Grundon's existing incinerator was commissioned early in 1990, and is now running at 75% of its 7,000 tonnes per year capacity. The plant is burning roughly 80 tonnes of clinical waste each week, of which 15 tonnes are imported from Germany.
The imports began last year due to the lack of UK demand (ENDS Report 197, pp 10-11). The move ran contrary to the Government's policy that developed nations should be self-sufficient in waste disposal capacity, but legislative powers were too weak to block the imports.
Grundon's Managing Director, Tony Mitchell, does not expect the imports from Germany to continue for long, although the contract is likely to be renewed for 1993. Demand in the UK has grown strongly over the past year, although "contractors are still suffering from health authorities' poor appreciation of environmental law," he says. "But we would much rather concentrate our efforts in the UK market."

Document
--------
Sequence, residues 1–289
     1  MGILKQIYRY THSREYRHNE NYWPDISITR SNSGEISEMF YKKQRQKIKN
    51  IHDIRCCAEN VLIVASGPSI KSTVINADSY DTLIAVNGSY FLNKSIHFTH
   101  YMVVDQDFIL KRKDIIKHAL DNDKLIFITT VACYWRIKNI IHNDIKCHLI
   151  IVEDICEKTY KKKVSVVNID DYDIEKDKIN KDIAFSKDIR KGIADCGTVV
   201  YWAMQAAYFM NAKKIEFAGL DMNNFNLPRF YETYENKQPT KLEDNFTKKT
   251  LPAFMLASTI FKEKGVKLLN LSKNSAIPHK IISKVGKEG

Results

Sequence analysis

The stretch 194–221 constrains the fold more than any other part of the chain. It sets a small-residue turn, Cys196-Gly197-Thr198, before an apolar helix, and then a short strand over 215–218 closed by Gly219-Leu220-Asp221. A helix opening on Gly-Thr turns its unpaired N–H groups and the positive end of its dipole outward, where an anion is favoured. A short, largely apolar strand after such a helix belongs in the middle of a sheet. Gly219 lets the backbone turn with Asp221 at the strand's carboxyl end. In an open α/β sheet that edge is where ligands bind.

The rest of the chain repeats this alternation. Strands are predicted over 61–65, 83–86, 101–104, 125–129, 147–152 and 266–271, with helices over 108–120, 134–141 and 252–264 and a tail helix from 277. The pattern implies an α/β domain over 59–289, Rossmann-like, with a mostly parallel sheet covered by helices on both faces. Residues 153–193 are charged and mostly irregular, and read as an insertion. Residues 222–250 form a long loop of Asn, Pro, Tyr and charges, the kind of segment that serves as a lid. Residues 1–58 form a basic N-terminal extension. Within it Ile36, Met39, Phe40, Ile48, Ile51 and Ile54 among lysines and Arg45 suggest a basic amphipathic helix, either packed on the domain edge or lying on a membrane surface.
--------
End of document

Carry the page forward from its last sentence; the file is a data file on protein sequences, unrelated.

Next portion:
The new incinerator is due to start up in mid-1994, and will probably be of a similar design to the existing stepped-grate unit. Grundon says that it will meet the standards set out in the draft EC Directive on hazardous waste incineration, which are considerably tougher than those required under UK rules (ENDS Report 208, pp 36-37 ).
Gas clean-up will be by a two-stage wet and dry scrubber. It is unlikely that the new incinerator will have a heat exchanger unit after the secondary combustion chamber. The existing plant has this type of heat exchanger, but the slow cooling of the gases in the boiler is leading to significant dioxin formation at levels of up to 11.7ng/m3. The problem was revealed in a recent report by Warren Spring Laboratory (ENDS Report 212, pp 14-15 ), and Grundon admits that the incinerator described in the report is the Colnbrook unit.
Once the new unit is on stream, the company will shut down and upgrade the existing incinerator, which must meet a dioxin emission limit of 1ng/m3 by December 1996. The upgrading is likely to include the removal of the heat exchanger.